In the heart of a 150-acre redwood forest, architect Bryan Allen and art practice psychologist Stephanie Smith installed Echoviren, a 10x10x8-foot, 3D-printed translucent enclosure. “We used seven printers running 24 hours a day producing essentially 500 individual pieces,” Allen told DNews. “We used run-of-the-mill 3-D desktop printers. The 3-D printer compresses the time from conception of an idea to its fruition and building. You use the same tool to evaluate your design, to produce prototypes and to produce the final design.”
The artists’ goal was to create a space in the forest influenced by the environment and coastal redwoods.
“For us, it really democratizes the production of large scale work,” Allen said. The project will decompose naturally within 40 to 50 years.
Frank Stella can safely be called a pioneer in the use of 3-D printing for art, since he first started experimenting with it in the mid 1990s. Stella gained fame in the 1950s with geometrics in nature paintings.
Stella starts with a handmade model, sometimes made from paper, which he scans and captures as a digital image. He then cuts and pastes from other existing models before manipulating and refining the image and sending to a 3-D printer.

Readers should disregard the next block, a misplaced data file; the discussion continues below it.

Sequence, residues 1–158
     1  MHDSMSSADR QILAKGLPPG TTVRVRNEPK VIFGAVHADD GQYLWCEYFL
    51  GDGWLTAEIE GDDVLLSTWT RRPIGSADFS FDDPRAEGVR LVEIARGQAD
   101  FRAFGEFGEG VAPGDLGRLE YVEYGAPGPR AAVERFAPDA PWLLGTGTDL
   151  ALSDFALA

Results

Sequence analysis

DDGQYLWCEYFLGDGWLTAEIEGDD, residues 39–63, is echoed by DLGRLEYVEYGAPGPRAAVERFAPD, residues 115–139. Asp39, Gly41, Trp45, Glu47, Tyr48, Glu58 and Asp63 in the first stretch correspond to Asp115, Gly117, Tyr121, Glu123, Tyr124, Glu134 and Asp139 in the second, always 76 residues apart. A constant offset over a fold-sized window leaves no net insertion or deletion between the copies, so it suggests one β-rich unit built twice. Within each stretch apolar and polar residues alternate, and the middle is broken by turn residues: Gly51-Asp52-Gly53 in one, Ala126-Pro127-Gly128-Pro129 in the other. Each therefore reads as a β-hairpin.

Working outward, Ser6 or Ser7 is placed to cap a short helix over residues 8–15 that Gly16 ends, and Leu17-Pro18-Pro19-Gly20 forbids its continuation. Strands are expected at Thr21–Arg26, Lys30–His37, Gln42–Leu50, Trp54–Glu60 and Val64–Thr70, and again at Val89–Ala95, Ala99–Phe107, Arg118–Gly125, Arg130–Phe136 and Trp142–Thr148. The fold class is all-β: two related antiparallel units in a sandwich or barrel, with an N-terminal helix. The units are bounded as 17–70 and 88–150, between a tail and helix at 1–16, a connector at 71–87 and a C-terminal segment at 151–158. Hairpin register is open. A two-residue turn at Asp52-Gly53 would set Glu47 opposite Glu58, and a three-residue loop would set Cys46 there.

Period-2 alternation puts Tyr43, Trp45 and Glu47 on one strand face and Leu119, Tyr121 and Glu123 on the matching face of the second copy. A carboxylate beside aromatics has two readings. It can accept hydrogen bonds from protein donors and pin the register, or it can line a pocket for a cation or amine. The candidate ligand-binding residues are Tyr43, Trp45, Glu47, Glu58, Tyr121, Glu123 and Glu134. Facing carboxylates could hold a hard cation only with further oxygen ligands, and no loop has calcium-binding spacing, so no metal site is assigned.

Stella, whose work will be shown at the Museum of Art and Design in New York City from Oct. 16 to July 6, 2014, sometimes adds elements of wire or steel tubing for more texture and depth. “Stella sees the 3D-printed form as a canvas for him to apply paint,” said Ron Labaco, curator at the Museum of Arts and Design. “The works range from tabletop, about two and a half feet across, to larger free-standing or wall hangings that are as large as six or eight feet across. He works with some of the 3-D printing companies in Europe that have the largest printers.”
Fans who were surprised at the intricate artwork on Kanye West’s 2012 album, “Cruel Summer” can thank Parisian artist Hugo Arcier. Arcier, trained in digital filmmaking and 3-D graphic arts, creates original objects using 3-D printers. “Using 3-D printers probably blurs the line between art and design and some projects I do with 3D-printing technology can be considered more as design,” Arcier told DNews. “I’m excited about the link between art and science.”
Arcier, whose work will be on display at Show Off, the annual Paris art fair, form Oct. 21-23, says artists have a long history of incorporating technology into their work. He points to Andy Warhol’s use of screen printing as an example.
“3-D printing is a technology that evolves very quickly so I am paying close attention to it,” Arcier said. “There are more and more materials available. I am doing some tests now with rubber material. I think it can be used very creatively. I also look forward to the possibility of printing bigger objects, since the size is really a limitation now."